She was expelled from her family for being married to a black man; today, they are commemorating 70 years of marriage

Jake and Mary Jacobs celebrated their 70 years of beautiful marriage last year, but they had to overcome many challenges to get to this momentous milestone.

Mary, a white woman, and Jake, a black man, met in 1940s Britain. At the time, Jake was one of the few black guys residing in a city.

Even though Mary easily left, she was deeply in love and would do whatever it took to be with her partner, even if it meant defying her father’s desires.
When I told my father I was getting married to Jake, he said, “If I married Jake, I would never set foot in this house again.”

Mary, Jacobs, and JakeIn April 1948

The Handcrafted House Published on September 30, 2019, Monday
The two met at the same technical school where Jake was training for the Air Force after coming from Trinidad during the war, and Mary was taking typing and shorthand classes.

Mary, who was at the time residing in Lancashire, struck up a conversation with Jake and was impressed by his grasp of Shakespeare.
While out having a picnic with her friend, Mary noticed a woman walking by observing him and his partner. The mother, startled to see two English girls conversing to black guys, told her father about Mary. Mary’s father forbade her from ever meeting him again after being shocked.

When Jake returned to Trinidad, they communicated, and a few years later, he moved to the UK in pursuit of a better earning job.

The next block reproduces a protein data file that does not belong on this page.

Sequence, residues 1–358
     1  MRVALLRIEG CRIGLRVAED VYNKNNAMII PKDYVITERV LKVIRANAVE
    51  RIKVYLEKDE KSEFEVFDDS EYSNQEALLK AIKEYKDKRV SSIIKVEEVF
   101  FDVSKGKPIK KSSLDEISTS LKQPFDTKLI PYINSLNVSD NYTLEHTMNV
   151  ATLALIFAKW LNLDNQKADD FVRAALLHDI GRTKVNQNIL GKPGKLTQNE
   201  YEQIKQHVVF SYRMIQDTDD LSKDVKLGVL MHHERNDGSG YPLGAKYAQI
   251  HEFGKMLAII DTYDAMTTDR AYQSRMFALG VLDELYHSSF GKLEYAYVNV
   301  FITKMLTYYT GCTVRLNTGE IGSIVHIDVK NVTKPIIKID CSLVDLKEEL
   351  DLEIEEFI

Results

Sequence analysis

Mary was asked to marry Jake when she was nineteen. She agreed, but after telling her family, they disowned her.

“I only brought one small suitcase with me when I left.” Our 1948 registrar office wedding was attended by no family members.

Mary didn’t know that other people in society felt the same way her father did when he saw her thinking about being married to a black man.

“During the first years of our marriage in Birmingham, I cried every day and ate very little,” the speaker remarked. We were homeless, no one talked to us, and finding a place to live was difficult since no one would rent to a black man.

People would point at them as they strolled down the street together, Mary told the Daily Mail.

The couple was thrilled to be expecting a child when Mary found out she was pregnant, but the baby was stillborn at eight months.

The woman said, “It broke my heart, and we never had any more children.” My stress level is unrelated to this.

When Mary was engaged as a teacher and later promoted to assistant principle at a British school, and Jake was employed by the Post Office, their circumstances did improve. They became friends, but Mary claimed that before she could even introduce them to others, she had to reveal to them that her husband was black.

“My father never did approve of Jake, even though by the time he passed away when I was thirty, we had made up,” she went on.

Mary,84, and Jake,89, who reside in the little town of Solihull, south of Birmingham, recently celebrated their 70th wedding anniversary.

Even while Jake says he doesn’t regret anything, he also points out that young Black children today have no concept what it was like for him to grow up in 1940s Britain.


“I am abused every single day.”Every day after I got to the UK, I was mistreated. A man once claimed, “I wanted to see if the dirt would come off,” as he put his hands on my neck as I was crossing a bus.

“And it wasn’t considered safe for a Black man to be in an office with all the White girls back then, so you couldn’t work in an office.”

Despite the difficulties, discrimination, and abuse, the pair is still madly in love and has no regrets about being married after almost 70 years of joyful marriage.

They are a huge source of inspiration, so perhaps

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